I must be a Buddhist, although I don’t think there’s any such thing, unless you’re a Buddhist monk or the Dalai Lama.  I belong to an online “sangha”.  It’s a Yahoo mailing list.  No one ever posts except one person, who posts dharma stories.  He once posted a poll asking how many people followed the precepts.  I was the only one who said that I didn’t follow the precepts (’cause there was only one person who voted that way — must have been me :P).  I wonder if it’s possible for anyone in our western society to say they follow the precepts and be telling the truth?  I strive to follow them, for sure.  But there are still stumbling blocks I have, so I can’t truthfully say I follow them.

Still, my heart goes out to Tibet and dilemma of the Dalai Lama.  What would the world be like with the extinction of probably the last culture on Earth whose very existence revolves around the concept of peace?

 I must have gone over 100 different plot possibilities in my head over the last week for this fourth composition homework assignment.  A couple of times I was so consumed with my own brilliance I screamed for John to “Put down ‘that cooking’/’your exercising’/’your work’ and come here right away and read this!”  and murmured to myself, “I’m soooo clever, heehee.”  I’d giggle, tickled pink with myself….  only to have John come over, read it and scrunch up his nose in a “huh?” fashion.  “…..  okkkeeeyyy….  and this has to do with the homework how….?”

So…..  for inquiring minds, here’s the final result — my assignment in two parts, 250 words each.  For anyone who makes it all the way through, I hope you enjoy.  I’ll call it…. oh, how about…  Exerpts from The First Thanksgiving — The Real Story

Assignment Part One:   The first 250 words needs to be a scene just after Thanksgiving dinner, complete with the dirty dishes.

The cacophony and hustle and bustle of the feast is over.  Through the dusk, at the far end of a large field, a group of about fifty adults and children can be seen at play.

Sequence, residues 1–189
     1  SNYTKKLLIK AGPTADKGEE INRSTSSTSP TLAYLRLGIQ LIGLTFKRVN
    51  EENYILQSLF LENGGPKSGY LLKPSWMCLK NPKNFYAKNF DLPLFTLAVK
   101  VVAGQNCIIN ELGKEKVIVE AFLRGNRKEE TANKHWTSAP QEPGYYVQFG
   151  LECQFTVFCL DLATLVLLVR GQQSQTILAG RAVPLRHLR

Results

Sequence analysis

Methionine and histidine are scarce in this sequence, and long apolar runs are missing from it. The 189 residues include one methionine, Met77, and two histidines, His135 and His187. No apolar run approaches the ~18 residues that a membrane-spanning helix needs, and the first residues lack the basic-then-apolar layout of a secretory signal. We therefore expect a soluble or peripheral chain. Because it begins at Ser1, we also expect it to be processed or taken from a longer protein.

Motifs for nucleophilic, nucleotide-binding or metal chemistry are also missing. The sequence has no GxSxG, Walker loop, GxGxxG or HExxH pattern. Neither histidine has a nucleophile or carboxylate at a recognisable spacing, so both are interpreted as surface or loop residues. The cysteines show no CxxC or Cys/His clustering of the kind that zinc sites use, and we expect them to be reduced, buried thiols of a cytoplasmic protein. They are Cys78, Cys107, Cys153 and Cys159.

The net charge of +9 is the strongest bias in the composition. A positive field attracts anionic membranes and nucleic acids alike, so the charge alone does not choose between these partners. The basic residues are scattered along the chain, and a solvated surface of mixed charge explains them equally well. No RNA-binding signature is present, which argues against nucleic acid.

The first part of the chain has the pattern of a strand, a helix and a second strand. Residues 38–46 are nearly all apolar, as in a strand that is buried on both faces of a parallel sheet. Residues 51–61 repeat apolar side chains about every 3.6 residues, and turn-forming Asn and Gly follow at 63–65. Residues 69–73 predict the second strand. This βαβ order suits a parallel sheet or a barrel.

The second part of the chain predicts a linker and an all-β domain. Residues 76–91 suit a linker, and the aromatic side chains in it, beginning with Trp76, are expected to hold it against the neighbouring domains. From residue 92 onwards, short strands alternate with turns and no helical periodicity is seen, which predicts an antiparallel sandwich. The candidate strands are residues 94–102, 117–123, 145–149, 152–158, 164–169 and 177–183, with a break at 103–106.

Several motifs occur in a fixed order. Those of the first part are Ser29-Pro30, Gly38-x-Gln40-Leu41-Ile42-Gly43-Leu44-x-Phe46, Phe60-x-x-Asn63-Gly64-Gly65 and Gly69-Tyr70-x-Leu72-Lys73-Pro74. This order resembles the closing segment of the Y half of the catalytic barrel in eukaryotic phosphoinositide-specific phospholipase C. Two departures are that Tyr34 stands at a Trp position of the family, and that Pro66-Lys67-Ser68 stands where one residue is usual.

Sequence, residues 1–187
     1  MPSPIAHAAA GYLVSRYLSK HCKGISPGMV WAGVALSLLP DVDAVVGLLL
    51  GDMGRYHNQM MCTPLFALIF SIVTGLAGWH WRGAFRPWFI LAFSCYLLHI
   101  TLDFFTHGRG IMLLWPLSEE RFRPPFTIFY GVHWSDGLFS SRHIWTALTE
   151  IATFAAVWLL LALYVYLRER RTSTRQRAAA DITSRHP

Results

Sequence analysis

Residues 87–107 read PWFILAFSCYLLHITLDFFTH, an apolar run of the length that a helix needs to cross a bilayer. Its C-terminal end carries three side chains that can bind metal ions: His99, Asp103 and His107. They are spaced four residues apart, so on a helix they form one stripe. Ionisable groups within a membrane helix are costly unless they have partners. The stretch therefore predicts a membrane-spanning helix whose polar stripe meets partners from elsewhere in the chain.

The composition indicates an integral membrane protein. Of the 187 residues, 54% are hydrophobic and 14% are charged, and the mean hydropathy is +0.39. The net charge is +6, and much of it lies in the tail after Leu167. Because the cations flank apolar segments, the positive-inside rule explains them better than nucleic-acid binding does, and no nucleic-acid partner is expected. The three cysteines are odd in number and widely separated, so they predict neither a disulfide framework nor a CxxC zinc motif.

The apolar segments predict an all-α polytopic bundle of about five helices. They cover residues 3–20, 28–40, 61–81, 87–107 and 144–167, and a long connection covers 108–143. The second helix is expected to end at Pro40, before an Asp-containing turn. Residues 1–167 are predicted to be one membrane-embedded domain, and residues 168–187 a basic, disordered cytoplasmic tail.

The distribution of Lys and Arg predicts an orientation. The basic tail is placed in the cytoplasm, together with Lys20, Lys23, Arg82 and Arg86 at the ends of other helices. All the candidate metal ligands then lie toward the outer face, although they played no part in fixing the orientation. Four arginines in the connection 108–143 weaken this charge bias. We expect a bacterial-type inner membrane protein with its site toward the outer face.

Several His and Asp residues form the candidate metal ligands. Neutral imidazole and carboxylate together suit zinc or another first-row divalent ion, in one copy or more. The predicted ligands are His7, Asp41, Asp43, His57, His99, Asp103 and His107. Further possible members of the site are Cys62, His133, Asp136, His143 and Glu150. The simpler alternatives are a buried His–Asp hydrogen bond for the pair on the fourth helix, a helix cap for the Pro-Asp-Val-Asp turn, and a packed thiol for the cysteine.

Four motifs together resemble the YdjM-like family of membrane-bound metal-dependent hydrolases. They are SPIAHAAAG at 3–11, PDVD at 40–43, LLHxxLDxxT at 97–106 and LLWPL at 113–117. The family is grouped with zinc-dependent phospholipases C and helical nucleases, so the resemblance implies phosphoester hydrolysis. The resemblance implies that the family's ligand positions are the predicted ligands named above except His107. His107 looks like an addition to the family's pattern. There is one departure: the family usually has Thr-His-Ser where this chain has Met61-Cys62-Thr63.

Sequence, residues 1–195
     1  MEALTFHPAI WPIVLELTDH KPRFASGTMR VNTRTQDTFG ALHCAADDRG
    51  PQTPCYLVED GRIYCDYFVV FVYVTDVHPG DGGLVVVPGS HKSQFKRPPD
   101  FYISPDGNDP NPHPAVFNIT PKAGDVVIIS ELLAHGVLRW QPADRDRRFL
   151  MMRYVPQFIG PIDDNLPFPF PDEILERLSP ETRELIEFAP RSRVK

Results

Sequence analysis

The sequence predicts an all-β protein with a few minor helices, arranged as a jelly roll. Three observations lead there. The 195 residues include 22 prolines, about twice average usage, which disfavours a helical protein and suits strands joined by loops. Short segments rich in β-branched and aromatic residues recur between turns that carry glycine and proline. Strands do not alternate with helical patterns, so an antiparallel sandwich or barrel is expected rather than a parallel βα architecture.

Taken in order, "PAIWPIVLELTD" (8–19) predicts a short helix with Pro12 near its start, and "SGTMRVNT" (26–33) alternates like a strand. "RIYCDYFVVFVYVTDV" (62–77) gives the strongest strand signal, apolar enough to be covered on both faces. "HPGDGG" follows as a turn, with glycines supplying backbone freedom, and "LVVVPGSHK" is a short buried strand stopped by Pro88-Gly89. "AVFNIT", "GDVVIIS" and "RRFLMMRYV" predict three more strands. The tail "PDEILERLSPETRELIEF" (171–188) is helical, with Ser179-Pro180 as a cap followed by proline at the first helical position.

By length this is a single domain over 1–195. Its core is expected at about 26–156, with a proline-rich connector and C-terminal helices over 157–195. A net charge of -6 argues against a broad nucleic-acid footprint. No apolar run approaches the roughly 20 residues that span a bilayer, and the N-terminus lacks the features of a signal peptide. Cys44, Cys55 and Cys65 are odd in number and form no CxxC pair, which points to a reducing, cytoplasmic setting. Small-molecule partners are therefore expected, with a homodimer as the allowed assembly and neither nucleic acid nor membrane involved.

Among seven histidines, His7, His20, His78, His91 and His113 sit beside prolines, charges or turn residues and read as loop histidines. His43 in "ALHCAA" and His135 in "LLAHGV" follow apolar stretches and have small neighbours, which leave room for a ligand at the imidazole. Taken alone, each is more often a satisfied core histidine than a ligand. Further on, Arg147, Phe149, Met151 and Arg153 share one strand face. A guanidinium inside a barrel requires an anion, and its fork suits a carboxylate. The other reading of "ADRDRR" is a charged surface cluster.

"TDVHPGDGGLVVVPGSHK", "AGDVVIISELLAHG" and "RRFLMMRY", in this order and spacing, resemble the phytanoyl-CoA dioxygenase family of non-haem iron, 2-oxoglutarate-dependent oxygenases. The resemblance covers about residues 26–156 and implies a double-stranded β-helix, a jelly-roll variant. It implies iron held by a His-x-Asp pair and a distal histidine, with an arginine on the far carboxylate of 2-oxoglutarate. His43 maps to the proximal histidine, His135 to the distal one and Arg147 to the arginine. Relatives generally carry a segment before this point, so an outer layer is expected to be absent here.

In the center of the field three long pine tables with benches on each side surround a fire in a U shape.  The opening of the U faces a house which is out of sight about 50 yards into the woods on the left.  Hot mulled wine in a kettle over the fire infuses a group of about fifteen Pilgrim and Indian men with warmth and hilarity as they lounge on pine benches facing the fire. 

An Indian woman stands by the nearest table with a colorful woven shawl wrapped around her stooped shoulders.  The few strands of thin white hair on her head stick out behind her as though being energized with static electricity.  Her wrinkled, leathery face wears a smile of satisfaction. At her feet is a medium-sized black and white dog that is devouring something, his tail high in the air.  A thin strand of drool hangs from the open mouth of a snoring comatose figure whose face lies on the tabletop facing the old woman.  Balanced on the side of the head is a black and brown pilgrim’s hat.

A small group of Pilgrim women, some carrying dirty dishes, stands at the forest edge on the left.  They stare wide-eyed at the old woman and dog, pointing.

Part Two: The first 250 words of a story involving the scene in part One — an excerpt which will pull the reader in and guide the reader into the body of the piece

“You want us to spend the next three days traveling just for a lousy dinner with a bunch of pale faces?” The tone in Abequa’s voice tells Inetus that his request is not going to go smoothly. “What about your mother? Who’s going to take care of her for the week that we’re gone? You know that no one in the tribe will agree to watch her after the last fiasco when we went away.”

“She’s coming with us…”

“You’ve got to be kidding! Oh great,” Abequa throws her hands out, “I can just see it now.” She draws up her leather jacket and hunches her shoulders. “How do you Pilgrim women keep your hair up like that?” she says in a shaky false soprano voice, peering at Inetus’ head in mock fascination and poking at it with her finger.

Inetus grunts, frowning, and swats her off, taking a small jump away.

She shuffles after him and continues. “…and your dresses. Why do they have that weird upside-down bowl shape?” She inspects an invisible skirt on him and pretends to lift it and look under. “We’re never going to hear the end of this one,” she says, shaking her head as she straightens up and adjusts her jacket back on her shoulders. She picks up a bag and heads towards the teepee entrance.

“What are you doing with Fido’s doggy boots?” he asks.

“I’m taking my dog.”

“They said no dogs.”

“I’m not going anywhere without my dog.”